Michigan Burn Injury Claim Process

Michigan State Court System

  • District Court: This Court handles civil cases where the amount in controversy is up to $25,000.
  • Circuit Court: The Circuit Court is a court of general jurisdiction, which handles all civil cases with claims of more than $25,000.
  • Court of Appeals:The Court of Appeals is the court of general appellate jurisdiction. It hears appeals from final orders of the circuit court.
  • Supreme Court: The Supreme Court is Michigan’s highest court and court of last resort. It has the discretionary authority to hear cases, primarily for decisions made by the Michigan Court of Appeals.

*Some of the courts in the Michigan Court System also have jurisdiction over other proceedings which are not covered here.


In the beginning stages of a lawsuit legal documents called pleadings are filed. To initiate the lawsuit, the plaintiff files a pleading called a Complaint which sets forth one or more causes of action against the defendant(s) named in the Complaint. After the Plaintiff files the Complaint and properly serves the Complaint on the Defendant(s), the Defendant(s) then have 21 days from the date of service to file a pleading called an Answer. The Defendant(s)’ Answer will respond to each of the causes of action in the Plaintiff’s Complaint and set forth any defenses, cross claims and/or counter claims the Defendant(s) will raise.


After all parties to the lawsuit have filed pleadings, the case then proceeds to Discovery. Essentially, the discovery process is a fact-finding and investigative endeavor in which each party gathers information and evidence from opposing parties and/or non-party witnesses. While the discovery process includes a variety of other mechanisms used to gather information, it will generally consist of the following:

  • Written Discovery: is generally used at the start of discovery and comes in two basic forms:

    • Interrogatories – Formal questions and/or requests for information served on one party by an opposing party. The party served with interrogatories must provide written responses to each of the interrogatories or respond with an objection to the interrogatory.
    • Requests for Production of Documents – Often served with a set of interrogatories, requests for production of documents are formal requests for certain documentation relevant to the claims and defenses raised in the pleadings.
  • Depositions: In a deposition, either a party to the lawsuit or a non-party witness will provide oral testimony under oath and in the presence of a court reporter who makes a written record of everything said during the deposition.

Alternative Dispute Resolution

Alternative dispute resolution covers a wide variety of processes involving third-party neutrals intended to resolve disputes between parties without formal judicial proceedings. Outside of the spectrum of ADR processes at one end are unassisted direct-party negotiations; outside at the other end is formal adjudication to a binding decision by a court. ADR processes range from moderated dialogues to binding decisions by third parties in proceedings much like proceedings in court. Because most cases settle before trial, the court system sees integration of ADR into litigation as offering the opportunity to achieve settlements more quickly than would otherwise be the case if litigation proceeded to the trial phase.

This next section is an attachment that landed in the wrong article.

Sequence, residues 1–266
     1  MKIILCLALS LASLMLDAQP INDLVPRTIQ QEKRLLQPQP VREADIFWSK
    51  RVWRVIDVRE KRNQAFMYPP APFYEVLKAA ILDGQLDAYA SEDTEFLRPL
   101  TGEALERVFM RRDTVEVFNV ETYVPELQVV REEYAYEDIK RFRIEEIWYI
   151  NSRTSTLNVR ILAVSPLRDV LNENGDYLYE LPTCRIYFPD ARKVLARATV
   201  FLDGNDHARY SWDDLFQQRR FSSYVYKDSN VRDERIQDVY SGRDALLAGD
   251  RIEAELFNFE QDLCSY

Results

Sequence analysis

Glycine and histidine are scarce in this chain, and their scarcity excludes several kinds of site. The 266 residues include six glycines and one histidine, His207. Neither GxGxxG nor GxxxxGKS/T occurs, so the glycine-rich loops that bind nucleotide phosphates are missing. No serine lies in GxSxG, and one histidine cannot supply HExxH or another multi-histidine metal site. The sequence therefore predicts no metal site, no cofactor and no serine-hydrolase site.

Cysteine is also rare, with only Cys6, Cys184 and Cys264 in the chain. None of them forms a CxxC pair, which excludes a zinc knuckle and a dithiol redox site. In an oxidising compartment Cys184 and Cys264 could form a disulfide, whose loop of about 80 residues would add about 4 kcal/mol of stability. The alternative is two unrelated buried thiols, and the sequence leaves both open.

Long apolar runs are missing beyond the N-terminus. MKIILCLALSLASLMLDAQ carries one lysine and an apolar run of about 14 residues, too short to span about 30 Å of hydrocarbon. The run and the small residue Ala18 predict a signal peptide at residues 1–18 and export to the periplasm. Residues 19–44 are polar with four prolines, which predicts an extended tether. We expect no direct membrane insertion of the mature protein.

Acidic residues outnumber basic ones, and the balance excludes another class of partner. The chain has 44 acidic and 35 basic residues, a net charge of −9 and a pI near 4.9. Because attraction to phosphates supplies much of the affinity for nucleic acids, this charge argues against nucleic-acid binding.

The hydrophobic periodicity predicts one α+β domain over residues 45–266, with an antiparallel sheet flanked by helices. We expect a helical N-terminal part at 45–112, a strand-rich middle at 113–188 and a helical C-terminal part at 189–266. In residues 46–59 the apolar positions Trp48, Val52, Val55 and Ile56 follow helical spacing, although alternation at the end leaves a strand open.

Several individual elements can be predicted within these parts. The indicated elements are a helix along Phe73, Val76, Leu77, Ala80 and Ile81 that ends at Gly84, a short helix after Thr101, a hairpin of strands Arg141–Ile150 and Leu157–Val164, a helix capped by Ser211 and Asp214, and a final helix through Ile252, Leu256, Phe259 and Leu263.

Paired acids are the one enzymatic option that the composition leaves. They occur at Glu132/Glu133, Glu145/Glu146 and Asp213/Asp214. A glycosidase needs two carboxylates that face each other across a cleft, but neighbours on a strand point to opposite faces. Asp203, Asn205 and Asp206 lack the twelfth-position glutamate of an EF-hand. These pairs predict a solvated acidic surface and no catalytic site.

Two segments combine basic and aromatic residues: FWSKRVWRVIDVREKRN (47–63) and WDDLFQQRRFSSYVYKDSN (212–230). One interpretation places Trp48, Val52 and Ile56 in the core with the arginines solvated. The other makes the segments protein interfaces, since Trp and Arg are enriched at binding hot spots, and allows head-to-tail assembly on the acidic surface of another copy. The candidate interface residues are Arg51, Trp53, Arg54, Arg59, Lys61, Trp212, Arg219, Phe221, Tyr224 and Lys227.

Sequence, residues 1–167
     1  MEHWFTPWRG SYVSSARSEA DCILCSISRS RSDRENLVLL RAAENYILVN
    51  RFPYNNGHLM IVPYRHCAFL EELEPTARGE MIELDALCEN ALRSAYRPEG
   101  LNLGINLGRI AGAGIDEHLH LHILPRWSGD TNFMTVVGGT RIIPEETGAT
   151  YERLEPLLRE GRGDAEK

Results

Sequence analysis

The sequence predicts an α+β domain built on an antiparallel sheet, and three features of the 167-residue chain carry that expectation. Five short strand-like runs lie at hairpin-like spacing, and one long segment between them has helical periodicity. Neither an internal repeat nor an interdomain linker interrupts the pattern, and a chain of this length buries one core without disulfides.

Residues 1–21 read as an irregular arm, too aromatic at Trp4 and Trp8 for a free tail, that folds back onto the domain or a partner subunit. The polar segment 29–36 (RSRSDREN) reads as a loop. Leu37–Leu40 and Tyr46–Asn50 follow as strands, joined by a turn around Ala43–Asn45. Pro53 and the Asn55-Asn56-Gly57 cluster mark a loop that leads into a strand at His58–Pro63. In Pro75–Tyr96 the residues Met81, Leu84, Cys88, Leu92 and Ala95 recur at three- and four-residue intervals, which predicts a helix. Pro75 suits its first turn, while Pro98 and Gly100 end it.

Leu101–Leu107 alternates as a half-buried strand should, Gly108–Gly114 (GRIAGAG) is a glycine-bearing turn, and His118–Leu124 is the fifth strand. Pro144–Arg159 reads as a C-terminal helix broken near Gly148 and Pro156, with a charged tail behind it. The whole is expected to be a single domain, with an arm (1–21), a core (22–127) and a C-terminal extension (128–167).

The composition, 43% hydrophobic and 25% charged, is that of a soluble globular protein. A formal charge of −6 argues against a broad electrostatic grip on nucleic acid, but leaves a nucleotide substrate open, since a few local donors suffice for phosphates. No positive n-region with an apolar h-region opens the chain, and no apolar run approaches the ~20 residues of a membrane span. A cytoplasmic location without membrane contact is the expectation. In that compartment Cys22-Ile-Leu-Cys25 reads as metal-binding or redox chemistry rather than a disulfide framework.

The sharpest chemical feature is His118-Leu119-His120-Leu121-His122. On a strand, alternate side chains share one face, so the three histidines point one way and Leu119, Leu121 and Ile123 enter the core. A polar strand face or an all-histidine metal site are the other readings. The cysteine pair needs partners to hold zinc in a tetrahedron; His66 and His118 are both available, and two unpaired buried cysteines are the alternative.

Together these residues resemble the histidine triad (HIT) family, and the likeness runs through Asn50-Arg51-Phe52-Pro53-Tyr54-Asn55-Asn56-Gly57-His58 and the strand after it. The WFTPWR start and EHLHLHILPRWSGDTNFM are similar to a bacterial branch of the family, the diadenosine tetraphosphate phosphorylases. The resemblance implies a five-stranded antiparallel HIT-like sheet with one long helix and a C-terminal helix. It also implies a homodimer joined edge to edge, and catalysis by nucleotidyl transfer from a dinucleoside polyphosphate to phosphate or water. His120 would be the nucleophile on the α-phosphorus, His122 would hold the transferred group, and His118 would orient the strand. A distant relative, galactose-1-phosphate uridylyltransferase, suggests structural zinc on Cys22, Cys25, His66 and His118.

If the parties have not reached a settlement through mediation or otherwise, at the conclusion of discovery, the case then proceeds to trial. Depending on the complexity of the case, a trial can take as little as a single day or as long as several weeks to complete. At the conclusion of a typical civil trial, the jury will return a verdict for the plaintiff and award money damages to the plaintiff or the jury will return a verdict for the defendant finding that the defendant was not at fault.

Motions and Appeals

After a final judgment is entered, the party wishing to appeal must file a notice of appeal with the clerk of the court within 42 days after the entry of the final judgment.


Once a settlement is reached, a verdict is entered, or a default is entered (if the defendant did not answer the complaint), a judgment must be prepared. In most cases, the judgment is prepared by the prevailing party and entered by the court. Depending on the type of case and how the judgment was arrived at, a hearing may be necessary to enter the order. All judgments must be signed by the judge and dated with the date they are signed. To be effective, a judgment must be filed with the clerk of the court, and the prevailing party must serve a copy on the other party. A judgment rendered in Michigan is valid for 5 years.


The law firm of Walker Morgan is located at 135 E Main St., Lexington, SC 29072. All lawyers at Walker Morgan are licensed to practice law in the State of South Carolina. Should you wish to retain our firm for legal representation regarding a potential case in any other jurisdiction we are required to associate local counsel in that foreign jurisdiction and seek permission from a court of the foreign jurisdiction to temporarily engage in the practice of law therein for purposes of pursuing your potential claim only.

By offering the following information the lawyers at Walker Morgan are not offering legal advice or legal guidance. The lawyers at Walker Morgan are not licensed to practice law in Michigan. Should you have a question/concern specific to Michigan law, please contact an attorney licensed to practice law in the State of Michigan.